Understanding Blockchain and Privacy Part II: “Privacy Coins” and Their Vulnerabilities

Trakx
Trakx
Jan 12 · 4 min read

As we’ve established in the first portion of this series, cryptocurrencies are far more visible than they initially appear. Through public wallet addresses attached to identifying information found across platforms where crypto is exchanged, it can be quite easy to track crypto transactions across their public ledger and find the source of the funds. Pseudonymous cryptocurrencies like Bitcoin and Ethereum can’t be safely stashed away with 100 percent certainty that they will never be found.

For those looking for extra privacy and anonymity while engaging in digital transactions, however, the next asset of choice is a crypto that falls into the “privacy coin” category. These coins, with some of the most notable being Zcash and Monero, are said to offer a safe haven for individuals who want to keep their funds safe from prying eyes. But how do they function, and do they really provide the safety that they promise?

Popular Privacy Coins

Dash

Dash is a heavily re-branded project that was launched in January of 2014 as Xcoin, changing its name to Darkcoin soon after and eventually becoming the Dash coin that we know today. Acting as a decentralized autonomous organization, the system revolves around Masternodes that stake a significant amount of Dash to keep the system up and running. It is this system, however, that compromises the security it is said to provide.

Dash offers a privacy feature known as private send, which is designed to hide transaction information by mixing the coins of three different users at a time and sending out the same amount to different addresses. Of course, in order to accomplish this, users have to first contact a Masternode, which is responsible for carrying out the mixing.

The issue? These Masternodes know exactly where the coins are going, even after they have been mixed. If this information were to get out or if a node were to be run by a party hoping to infiltrate the system, the perceived privacy is completely dissolved. You may have also picked up on the term, “mixing”, which holds negative connotations within the Bitcoin community and proves to be a relatively weak activity in this system as well.

Overall, while Dash can make it harder for transactions to be traced, it doesn’t promise the full privacy that users expect when using the asset.

Zcash

Zcash is (partially) a privacy coin that uses a special protocol known as zk-SNARKs to safeguard transactions. Put simply, zk-SNARKs bypasses the need for information to be verified, making it so that the system knows that something is confirmed without having to go through the typical confirmation processes.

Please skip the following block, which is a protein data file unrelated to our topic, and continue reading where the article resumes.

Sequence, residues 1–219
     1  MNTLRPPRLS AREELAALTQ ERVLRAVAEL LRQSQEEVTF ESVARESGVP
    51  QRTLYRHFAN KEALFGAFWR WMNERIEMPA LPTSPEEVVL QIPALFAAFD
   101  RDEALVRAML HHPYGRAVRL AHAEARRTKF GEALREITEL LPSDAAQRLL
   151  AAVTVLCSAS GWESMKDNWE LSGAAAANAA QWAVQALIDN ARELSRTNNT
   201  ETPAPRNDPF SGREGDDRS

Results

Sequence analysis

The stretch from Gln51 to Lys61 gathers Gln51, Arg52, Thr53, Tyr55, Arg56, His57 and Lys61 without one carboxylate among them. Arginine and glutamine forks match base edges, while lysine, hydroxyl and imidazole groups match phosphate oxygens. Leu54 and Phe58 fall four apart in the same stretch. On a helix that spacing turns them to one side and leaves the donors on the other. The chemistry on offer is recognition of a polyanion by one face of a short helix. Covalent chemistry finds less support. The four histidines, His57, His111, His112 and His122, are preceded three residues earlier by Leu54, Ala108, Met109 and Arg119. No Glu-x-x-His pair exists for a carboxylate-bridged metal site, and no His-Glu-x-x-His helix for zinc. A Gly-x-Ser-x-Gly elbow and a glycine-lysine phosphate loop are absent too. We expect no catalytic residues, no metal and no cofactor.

It should be noted that, while Zcash is said to offer privacy features, it is not a project featured entirely on privacy. A lot of users carry out transparent transactions on this network. If they do wish to use privacy features, however, this is performed by asking the system to shield their address from the recipient of their crypto, a feature that can be utilized for both the sender and the recipient. That said, the system has been proven to be unreliable, leaking key data in the transition from public to private blockchain for transactions and having transactions that are relatively traceable, even with private transactions on.

Again, while this popular project is a go-to for many, it isn’t going to necessarily result in anonymous spending.

Monero

One of the most well-known private coins, which is largely due to its unique development, Monero utilizes ring confidential transactions, ring signatures, and stealth addresses to mask true transactions by hiding the amount being transferred as well as the final destination of the crypto. It also gives users the ability to list one address as the receiving address while having transactions sent to multiple linked addresses.

Despite its impressive structure, this cryptocurrency is not the most secure either as many hacks have proven in the past. The developers are still making improvements as they go but as you may have guessed, the security issues are still present and may not provide you with the coverage that you expect.

While privacy coins are widely regarded to be more secure than their pseudonymous counterparts, many projects still lack the airtight security that is required to hide transactions from sight. If you are considering using a privacy coin for personal reasons, make sure to keep the above in mind before you invest in the project of your choosing.

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